Self Employed Mortgage Advice

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What You Need to Know

Self-Employed Mortgages No Longer Exist

Self-Certification Mortgages‘ have been suspended by the FCA since 2011, because of improper usage. Therefore, specialist mortgage products are no longer available for Self-Employed people.

What Mortgage Products Are Available to the Self-Employed?

According to Which, 98% of mortgage products available in the UK, are, in theory, available to the self-employed. However, the acceptance criteria is stricter than for employed people as it requires a deeper insight into income calculations. For example, you’ll likely need to provide at least two years of accounts when applying for a mortgage. These need to be assessed and signed off by a certified accountant. 

Has COVID-19 Affected Mortgage Availability for the Self-Employed?

Unfortunately, as a result of COVID-19 the lenders are holding their purse strings a bit tighter than usual. Some lenders are asking for your current business account statements, in order to see what impact COVID-19 has had on your profits.

Thankfully some lenders are reacting in a more positive way. Some will also consider self-employed businesses with just one year of accounts, for certain mortgages. It’s also reassuring to hear that many lenders are considering those who have used the government’s SEISS scheme, throughout the COVID-19 crisis.

How to Improve Your Chances of Acceptance by Lenders

The key to acceptance is to plan for your mortgage application in advance. Each of the following tips can help you prepare for a successful mortgage application.

Save a Healthy Deposit

Any mortgage applicant with a large deposit will have a higher chance of acceptance. Having a minimum deposit of 10% of the property price, but ideally 15%-20% will make you more attractive to lenders. This is particularly true if you have a short trading history.

Ensure your Credit Rating is Good

Those with a high credit rating immediately come across as less risky to lenders. Checking your credit report at least a year before your application is advisable.

For a strong credit score, ensure you appear on the electoral roll and try to pay off any debts you have. Ask creditors to remove incorrect entries and dormant accounts from your report. In the meantime, aim to stay within your budget for twelve months.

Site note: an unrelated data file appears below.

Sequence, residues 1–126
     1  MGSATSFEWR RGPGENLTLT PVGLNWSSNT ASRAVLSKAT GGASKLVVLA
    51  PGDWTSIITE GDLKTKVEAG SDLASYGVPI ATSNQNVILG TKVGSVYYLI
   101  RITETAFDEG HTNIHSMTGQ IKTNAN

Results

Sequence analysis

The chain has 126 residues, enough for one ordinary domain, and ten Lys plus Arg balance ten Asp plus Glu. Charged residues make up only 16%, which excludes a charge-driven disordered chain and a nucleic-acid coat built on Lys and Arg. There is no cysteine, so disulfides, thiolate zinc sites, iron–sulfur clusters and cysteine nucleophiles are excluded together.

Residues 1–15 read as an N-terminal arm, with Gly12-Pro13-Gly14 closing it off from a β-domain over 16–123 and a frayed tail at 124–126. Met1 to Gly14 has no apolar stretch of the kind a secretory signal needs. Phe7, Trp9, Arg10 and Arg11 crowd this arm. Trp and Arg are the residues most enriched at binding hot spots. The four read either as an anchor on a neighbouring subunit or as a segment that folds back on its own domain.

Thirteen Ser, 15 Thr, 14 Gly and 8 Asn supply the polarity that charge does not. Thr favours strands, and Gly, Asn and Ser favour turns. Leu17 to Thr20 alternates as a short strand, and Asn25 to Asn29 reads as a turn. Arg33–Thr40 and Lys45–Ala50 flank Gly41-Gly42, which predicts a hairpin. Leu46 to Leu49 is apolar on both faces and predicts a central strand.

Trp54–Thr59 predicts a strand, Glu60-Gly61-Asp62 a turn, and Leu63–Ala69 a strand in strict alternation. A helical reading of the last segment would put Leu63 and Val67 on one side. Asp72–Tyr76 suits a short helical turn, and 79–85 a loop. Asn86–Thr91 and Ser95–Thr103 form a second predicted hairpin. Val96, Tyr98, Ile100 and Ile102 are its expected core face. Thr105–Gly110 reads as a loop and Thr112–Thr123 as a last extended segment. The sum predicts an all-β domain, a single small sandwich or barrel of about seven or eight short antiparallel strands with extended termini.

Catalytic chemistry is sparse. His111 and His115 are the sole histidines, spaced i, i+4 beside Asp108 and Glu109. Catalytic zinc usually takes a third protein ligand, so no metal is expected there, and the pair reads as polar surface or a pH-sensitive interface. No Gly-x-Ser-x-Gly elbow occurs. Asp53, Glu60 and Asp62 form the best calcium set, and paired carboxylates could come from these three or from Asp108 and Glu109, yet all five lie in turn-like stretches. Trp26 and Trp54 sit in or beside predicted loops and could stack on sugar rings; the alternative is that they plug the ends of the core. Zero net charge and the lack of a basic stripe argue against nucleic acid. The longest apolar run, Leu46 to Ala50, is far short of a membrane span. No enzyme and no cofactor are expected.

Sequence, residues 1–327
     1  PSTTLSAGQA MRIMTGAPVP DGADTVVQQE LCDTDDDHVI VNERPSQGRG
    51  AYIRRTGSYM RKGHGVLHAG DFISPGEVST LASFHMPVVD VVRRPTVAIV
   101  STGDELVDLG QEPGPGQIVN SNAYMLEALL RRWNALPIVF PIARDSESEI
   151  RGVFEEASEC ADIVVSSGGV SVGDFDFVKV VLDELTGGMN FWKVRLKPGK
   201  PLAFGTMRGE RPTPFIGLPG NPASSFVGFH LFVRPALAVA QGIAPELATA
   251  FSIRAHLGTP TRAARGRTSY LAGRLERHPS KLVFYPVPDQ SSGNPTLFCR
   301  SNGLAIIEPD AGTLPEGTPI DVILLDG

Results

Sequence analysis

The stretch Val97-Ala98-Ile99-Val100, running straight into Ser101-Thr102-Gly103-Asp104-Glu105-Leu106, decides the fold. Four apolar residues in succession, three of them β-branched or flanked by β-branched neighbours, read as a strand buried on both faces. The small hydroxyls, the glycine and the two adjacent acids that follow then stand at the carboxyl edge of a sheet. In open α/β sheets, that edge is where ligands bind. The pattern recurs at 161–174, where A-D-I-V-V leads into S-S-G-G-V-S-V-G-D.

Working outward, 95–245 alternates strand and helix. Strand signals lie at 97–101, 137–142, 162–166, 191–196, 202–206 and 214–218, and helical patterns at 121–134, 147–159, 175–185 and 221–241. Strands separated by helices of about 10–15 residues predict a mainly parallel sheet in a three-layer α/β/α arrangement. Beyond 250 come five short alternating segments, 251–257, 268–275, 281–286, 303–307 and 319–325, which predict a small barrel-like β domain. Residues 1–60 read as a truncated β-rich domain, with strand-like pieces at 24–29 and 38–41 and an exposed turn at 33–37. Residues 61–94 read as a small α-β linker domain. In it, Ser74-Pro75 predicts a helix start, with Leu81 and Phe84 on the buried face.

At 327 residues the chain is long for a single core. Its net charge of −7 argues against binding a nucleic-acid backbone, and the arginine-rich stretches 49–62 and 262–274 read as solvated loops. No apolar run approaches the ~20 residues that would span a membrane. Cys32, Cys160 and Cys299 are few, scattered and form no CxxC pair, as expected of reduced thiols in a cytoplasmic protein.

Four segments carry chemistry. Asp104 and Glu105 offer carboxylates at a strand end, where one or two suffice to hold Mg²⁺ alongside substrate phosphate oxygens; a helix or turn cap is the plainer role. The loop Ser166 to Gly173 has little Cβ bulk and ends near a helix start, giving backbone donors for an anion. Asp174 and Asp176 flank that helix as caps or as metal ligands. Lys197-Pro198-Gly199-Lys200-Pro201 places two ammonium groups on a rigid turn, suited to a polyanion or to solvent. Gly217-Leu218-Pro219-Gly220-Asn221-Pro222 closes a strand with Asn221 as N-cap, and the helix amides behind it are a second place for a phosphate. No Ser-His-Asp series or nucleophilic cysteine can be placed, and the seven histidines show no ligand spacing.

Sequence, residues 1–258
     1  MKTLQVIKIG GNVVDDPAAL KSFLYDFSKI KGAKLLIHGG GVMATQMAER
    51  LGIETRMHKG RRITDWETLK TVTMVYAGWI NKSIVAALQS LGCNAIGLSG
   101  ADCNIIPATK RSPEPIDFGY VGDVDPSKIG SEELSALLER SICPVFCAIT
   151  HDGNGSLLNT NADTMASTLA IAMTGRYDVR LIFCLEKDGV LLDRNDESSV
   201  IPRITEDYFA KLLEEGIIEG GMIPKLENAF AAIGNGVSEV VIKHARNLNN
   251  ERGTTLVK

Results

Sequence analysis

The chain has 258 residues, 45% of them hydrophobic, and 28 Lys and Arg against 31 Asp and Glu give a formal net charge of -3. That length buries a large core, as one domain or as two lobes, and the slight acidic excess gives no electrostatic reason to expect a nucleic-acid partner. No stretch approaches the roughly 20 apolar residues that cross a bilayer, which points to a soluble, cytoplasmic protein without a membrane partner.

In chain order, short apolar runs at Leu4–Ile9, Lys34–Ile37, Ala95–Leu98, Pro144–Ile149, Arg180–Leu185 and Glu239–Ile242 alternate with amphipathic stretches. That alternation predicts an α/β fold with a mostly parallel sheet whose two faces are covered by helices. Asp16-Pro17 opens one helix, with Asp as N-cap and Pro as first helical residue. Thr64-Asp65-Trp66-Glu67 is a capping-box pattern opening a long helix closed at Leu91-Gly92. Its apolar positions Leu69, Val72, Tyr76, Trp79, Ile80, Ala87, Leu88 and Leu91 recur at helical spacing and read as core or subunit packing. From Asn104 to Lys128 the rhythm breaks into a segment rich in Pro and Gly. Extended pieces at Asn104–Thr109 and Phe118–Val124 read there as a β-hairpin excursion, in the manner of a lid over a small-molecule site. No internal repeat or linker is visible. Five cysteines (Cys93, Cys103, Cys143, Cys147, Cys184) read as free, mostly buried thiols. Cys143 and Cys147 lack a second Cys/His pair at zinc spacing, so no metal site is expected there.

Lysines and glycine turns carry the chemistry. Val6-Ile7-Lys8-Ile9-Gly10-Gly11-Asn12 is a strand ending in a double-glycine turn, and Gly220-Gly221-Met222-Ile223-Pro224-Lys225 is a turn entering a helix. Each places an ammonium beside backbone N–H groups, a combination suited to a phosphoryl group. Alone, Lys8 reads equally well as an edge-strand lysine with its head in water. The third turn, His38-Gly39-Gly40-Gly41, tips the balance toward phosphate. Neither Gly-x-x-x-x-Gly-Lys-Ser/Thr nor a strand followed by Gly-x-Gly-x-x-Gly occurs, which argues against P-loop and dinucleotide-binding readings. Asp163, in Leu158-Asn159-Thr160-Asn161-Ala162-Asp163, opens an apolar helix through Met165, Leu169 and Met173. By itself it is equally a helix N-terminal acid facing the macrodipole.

Use an Accountant

It’s a good idea to have three years of accounts and three annual tax calculations (SA302s) prepared in advance. If you usually file your own taxes, you may need to have them signed off by a certified accountant, to support your mortgage application. 

Self-Certification Mortgages’ have been suspended by the FCA since 2011, because of improper usage. Therefore, specialist mortgage products are no longer available for Self-Employed people.

How can a Mortgage Broker Help?

Mortgage brokers have a perspective of the whole mortgage market. This allows them to assess your likelihood of acceptance, based on your individual circumstances. They can advise you about which mortgage lenders are more likely to accept your application.

A financial rejection, whether it’s for a mortgage, or any financial product, will affect your credit file. This lowers your credit score, making it less likely you’d be accepted, should you apply again.

How is your Application Assessed?

The lenders calculate your mortgage depending on the type of business you operate. Each lender also has a slightly different criteria for calculating the amount you can borrow.

It’s worth noting that if you are considering changing your business type, this can affect your application. It’s best to wait until your mortgage offer is final, before making any changes.

Sole Traders

For sole traders, the lender bases their mortgage calculation on your total net income. They will usually require your SA302 forms and your Tax Year Overviews, which shows your total income and tax paid for the relevant years.


If you are part of a partnership, the lender will base their mortgage calculation on your share of the net profits. It’s important to note; you need to own 25% or more of the partnership to be considered self employed.

Limited Companies

In the case of limited companies, usually only your personal accounts are used to calculate the mortgage. If you’re a director, your salary and dividends will be used. Profits that you do not draw from the business are rarely acknowledged in the calculations.


The Financial Conduct Authority does not regulate most Buy to Let Mortgages

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